While the reception of As Painting has been shaped over the last twenty years by the exhibition catalogue, published in 2001 by The MIT Press and the Wexner Center for the Arts, the exhibition itself has been largely overlooked. Our presentation addresses some of the critical consequences of this reception, notably in light of the growing reassessment of French painting in the 1960s and 1970s. One of the questions at stake here is how the exhibition itself, rather than the accompanying catalogue, reopens the conjunction of ‘painting, discourse that forms this panel’s title. A further question addressed is how the exhibition and catalogue’s subtitle—'Division and Displacement’–has also been largely overlooked in the reception of As Painting. The presentation not only explores how the practices of ‘division’ and ‘displacement’ played a determining role in the exhibition’s hanging in the galleries of the Wexner Center but how such terms reopen the very possibility of conjoining ‘painting’ and ‘discourse’ in the first place.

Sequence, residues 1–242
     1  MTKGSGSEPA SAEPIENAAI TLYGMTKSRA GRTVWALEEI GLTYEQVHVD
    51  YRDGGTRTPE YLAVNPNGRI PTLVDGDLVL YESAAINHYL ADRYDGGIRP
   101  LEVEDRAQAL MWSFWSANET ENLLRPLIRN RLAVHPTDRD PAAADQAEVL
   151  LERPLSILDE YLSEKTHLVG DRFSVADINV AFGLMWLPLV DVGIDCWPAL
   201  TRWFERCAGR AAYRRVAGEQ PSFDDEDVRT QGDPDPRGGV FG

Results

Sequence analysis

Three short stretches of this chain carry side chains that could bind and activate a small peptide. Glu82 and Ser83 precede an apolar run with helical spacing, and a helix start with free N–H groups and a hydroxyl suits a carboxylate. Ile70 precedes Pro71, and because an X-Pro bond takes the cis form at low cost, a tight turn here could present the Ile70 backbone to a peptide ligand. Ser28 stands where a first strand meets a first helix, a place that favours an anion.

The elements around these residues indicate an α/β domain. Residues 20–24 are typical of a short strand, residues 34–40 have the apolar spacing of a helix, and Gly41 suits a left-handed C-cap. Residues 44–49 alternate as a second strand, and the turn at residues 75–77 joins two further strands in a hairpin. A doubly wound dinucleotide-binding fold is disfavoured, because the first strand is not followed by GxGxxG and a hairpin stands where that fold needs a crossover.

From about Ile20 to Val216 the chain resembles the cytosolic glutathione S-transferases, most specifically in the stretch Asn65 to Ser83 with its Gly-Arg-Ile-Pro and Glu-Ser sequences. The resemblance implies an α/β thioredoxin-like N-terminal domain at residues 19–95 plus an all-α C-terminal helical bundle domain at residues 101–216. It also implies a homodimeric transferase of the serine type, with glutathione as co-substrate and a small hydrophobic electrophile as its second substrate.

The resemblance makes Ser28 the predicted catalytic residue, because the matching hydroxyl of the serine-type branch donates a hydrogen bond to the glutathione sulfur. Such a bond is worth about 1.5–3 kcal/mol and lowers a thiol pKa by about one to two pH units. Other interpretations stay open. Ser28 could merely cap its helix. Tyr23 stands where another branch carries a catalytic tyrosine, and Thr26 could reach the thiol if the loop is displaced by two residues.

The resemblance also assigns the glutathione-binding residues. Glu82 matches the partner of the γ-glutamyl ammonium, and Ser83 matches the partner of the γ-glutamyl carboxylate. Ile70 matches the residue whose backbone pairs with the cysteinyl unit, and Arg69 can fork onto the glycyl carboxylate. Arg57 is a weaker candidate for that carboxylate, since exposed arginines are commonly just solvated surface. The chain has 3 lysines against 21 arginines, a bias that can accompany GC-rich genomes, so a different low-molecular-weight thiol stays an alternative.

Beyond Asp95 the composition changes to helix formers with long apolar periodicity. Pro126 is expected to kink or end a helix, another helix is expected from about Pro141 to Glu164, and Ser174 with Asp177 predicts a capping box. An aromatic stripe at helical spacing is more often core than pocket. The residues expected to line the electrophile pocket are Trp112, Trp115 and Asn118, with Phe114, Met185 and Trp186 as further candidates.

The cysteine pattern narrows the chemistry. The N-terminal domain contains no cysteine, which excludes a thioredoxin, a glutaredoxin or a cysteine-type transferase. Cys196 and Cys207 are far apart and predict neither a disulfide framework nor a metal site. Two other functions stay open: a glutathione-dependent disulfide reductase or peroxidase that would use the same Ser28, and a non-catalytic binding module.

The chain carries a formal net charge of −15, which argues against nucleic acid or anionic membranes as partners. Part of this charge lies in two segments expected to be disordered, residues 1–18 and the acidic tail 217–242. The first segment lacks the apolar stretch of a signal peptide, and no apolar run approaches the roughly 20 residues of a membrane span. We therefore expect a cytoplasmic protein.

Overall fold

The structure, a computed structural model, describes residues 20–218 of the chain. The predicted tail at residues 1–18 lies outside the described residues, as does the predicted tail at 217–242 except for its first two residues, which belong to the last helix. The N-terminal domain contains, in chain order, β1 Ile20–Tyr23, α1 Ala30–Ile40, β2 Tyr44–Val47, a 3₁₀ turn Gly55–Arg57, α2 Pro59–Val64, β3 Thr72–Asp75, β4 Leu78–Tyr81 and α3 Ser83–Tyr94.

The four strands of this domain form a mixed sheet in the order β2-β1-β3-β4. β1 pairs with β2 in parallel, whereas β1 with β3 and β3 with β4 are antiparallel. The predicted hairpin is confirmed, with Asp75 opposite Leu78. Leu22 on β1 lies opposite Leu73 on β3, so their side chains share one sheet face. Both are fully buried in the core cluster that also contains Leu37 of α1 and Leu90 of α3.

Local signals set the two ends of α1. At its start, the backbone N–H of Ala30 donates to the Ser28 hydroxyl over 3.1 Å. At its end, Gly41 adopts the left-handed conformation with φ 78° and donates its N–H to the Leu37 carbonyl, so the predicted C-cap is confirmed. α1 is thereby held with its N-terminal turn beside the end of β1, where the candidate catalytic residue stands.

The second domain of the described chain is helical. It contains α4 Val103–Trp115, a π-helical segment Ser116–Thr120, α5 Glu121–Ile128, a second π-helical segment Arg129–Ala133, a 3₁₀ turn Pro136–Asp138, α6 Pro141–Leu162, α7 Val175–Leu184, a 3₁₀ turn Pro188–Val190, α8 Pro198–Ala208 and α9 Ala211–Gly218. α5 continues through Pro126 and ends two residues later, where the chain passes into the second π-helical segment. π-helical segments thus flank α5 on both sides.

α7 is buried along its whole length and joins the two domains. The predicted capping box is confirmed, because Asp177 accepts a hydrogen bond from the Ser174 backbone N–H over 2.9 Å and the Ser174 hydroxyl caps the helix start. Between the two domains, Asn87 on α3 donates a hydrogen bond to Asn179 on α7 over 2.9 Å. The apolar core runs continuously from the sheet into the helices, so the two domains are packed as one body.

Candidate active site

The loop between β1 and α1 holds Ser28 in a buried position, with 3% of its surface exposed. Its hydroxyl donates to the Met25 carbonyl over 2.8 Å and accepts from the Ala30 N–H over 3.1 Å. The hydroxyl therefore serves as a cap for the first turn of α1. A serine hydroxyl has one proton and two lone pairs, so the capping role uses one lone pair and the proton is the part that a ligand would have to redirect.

The Forgetting of Merleau-Ponty in France and in the US.

Stephen Melville (Ohio State University)

The absence of the work of Maurice Merleau-Ponty in our accounts of the emergence and influence of the body of French thought taken often subsumed under the general term ‘theory’ is certainly one of its striking features.  This paper proposes an overview of some broad institutional determinants of that absence, which takes, I suggest, very different shapes in France and in the US.  The costs of this lacuna are high and particularly striking when it comes to treatments of ‘the visual’, but also reach well beyond that into fundamental questions about objectivity and the claims of ‘theory’.  The exhibition As Painting: Division and Displacement did not itself include any sustained reference to Merleau-Ponty but can in retrospect be seen to depend in part on an occluded presence of his work.

Thickness/Flatness + Thinness

Mick Finch (University of the Arts, London)